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Lobster Patent
 

Automatically surfacing marker buoy for lobster or crab traps or the like

Lobster abstract

A marker buoy attached to an object such as a lobster or crab trap by a latch and released by a trigger struck by a falling weight. A sealed buoy compartment contains a first permanent magnet holding the weight in upper position by a supportive pole relationship to the poles of a second permanent magnet on the weight and releasing the weight when the first magnet is pivoted to a relative position of poles not sufficiently supportive of the weight. The first magnet is pivoted by an electric motor controlled by an electric clock. Setting of the clock and other operations are accomplished without disturbing compartment seals by an external hand-held magnet operating on internal magnetic reed switches. A line tethers the buoy to the object when the latch is released.

Lobster claims

I claim:

1. The method of setting an electrically powered release timer on a buoy attached to an object to which it is also tethered by a line, comprising:

(a) confining said timer against water penetration but not against magnetic field penetration,

(b) providing in the confined space a magnetically sensitive timer switch, and

(c) operating said switch magnetically from outside the confined space so as to set the timer without exposing said timer to water penetration.

2. The improvement in means for attachment and release of a buoy relative to an object to which the buoy is also tethered by a line, comprising:

(a) means operative to attach said buoy to said object including a latch releasable by a trigger,

(b) a weighted body and guide means therefor whereby said body is movable by gravity from a first position above and spaced from said trigger to a second position striking said trigger and releasing said latch whereby said buoy is released from said object and assumes a tethered position,

(c) means operative to hold said weighted body in said first position until release of said weighted body to trigger buoy release to tethered disposition, and

(d) said means operative to hold said weighted body including a first permanent magnet forming a part of said weighted body and a second permanent magnet disposed adjacent to said first magnet and means pivotally supporting said second magnet to pivot between a first position in which the poles of said second magnet are supportively disposed relative to the poles of said first magnet to hold said weighted body in said first position thereof and a second position in which the poles of the two magnets are relatively oriented so as to permit said weighted body to drop from said first position thereof to said second position to release said buoy, and means operative to pivot said second magnet between said first and second positions thereof to initiate release of said buoy.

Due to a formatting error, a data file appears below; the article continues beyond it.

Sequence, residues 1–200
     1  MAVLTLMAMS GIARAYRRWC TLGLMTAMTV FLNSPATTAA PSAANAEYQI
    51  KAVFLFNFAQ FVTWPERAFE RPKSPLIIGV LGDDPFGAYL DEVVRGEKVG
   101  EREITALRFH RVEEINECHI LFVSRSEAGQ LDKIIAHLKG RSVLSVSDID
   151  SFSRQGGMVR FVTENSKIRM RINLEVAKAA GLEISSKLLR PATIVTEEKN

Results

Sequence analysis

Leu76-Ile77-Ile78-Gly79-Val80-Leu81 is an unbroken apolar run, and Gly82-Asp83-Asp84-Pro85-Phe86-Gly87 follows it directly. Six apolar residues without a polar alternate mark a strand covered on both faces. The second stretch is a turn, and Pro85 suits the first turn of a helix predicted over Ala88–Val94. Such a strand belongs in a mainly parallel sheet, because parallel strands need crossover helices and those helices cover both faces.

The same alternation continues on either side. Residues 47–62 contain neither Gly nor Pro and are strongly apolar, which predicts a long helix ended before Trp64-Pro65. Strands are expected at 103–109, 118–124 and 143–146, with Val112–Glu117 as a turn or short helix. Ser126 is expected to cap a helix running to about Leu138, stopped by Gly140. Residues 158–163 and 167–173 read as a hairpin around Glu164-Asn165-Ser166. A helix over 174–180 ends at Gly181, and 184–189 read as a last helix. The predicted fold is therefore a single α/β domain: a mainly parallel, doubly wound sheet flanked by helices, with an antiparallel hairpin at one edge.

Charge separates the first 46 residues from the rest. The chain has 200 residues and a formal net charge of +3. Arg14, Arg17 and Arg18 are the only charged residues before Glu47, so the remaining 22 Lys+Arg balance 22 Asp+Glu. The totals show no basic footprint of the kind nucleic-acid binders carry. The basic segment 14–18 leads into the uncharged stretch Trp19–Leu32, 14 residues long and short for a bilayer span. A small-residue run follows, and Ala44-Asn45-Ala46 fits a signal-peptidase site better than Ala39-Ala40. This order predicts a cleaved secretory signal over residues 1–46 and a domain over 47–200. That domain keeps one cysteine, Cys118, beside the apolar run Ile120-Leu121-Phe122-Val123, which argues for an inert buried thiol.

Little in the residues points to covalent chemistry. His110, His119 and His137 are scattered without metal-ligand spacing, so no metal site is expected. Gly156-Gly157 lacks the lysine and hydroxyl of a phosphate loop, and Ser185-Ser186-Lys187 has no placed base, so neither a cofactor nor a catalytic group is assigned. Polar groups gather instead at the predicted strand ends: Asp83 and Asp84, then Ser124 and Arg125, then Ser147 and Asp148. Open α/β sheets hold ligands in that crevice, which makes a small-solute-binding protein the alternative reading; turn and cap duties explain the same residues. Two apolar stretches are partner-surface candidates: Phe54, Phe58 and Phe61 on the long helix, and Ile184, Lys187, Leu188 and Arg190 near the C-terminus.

3. The subject matter of claim 2 in which said second magnet is superposed to said first magnet and is pivotal about an axis generally parallel to the path of travel of said weighted body from said first position to said second position thereof.

4. The subject matter of claim 2 in which said means operative to pivot said second magnet includes timing and driving means pivoting said second magnet upon reaching of a time set into said timing and driving means.

5. The subject matter of claim 4 in which said timing and driving means includes an electric motor operative to pivot said second magnet and an electric clock controlling when said motor is energized.

6. The subject matter of claim 5 in which there is a housing and said electric motor, electric clock and second magnet are enclosed in said housing which is sealed to prevent water entry, there being magnetic reed switch means controlling setting of said clock and there being wall means adjacent to said magnetic switch means magnetically pervious whereby said clock can be set externally of said housing without disturbing sealing thereof by use of a hand-held magnet.

7. The subject matter of claim 6 in which there are means to operate said electric motor to pivot said second magnet to release said weighted body in the event of leakage of water into said housing, in the event of mechanical clock failure and in the event of reduction of voltage to said motor below a selected value.

8. The subject matter of claim 5 in which there is first battery means powering said electric motor and said second battery means separate from said first battery means powering said electric clock, said motor and clock being off-the-shelf products thereby minimizing costs.

9. The subject matter of claim 8 in which there is means connecting said motor to said clock including a saw tooth gear whereby said motor will set said clock when said motor is run in a reverse direction and disengaging said motor from said clock when said motor is run in a forward direction whereby said clock will not be disturbed when said motor is run in a forward direction in initially setting relative positions of said magnets and in pivoting said magnet to release said weighted body.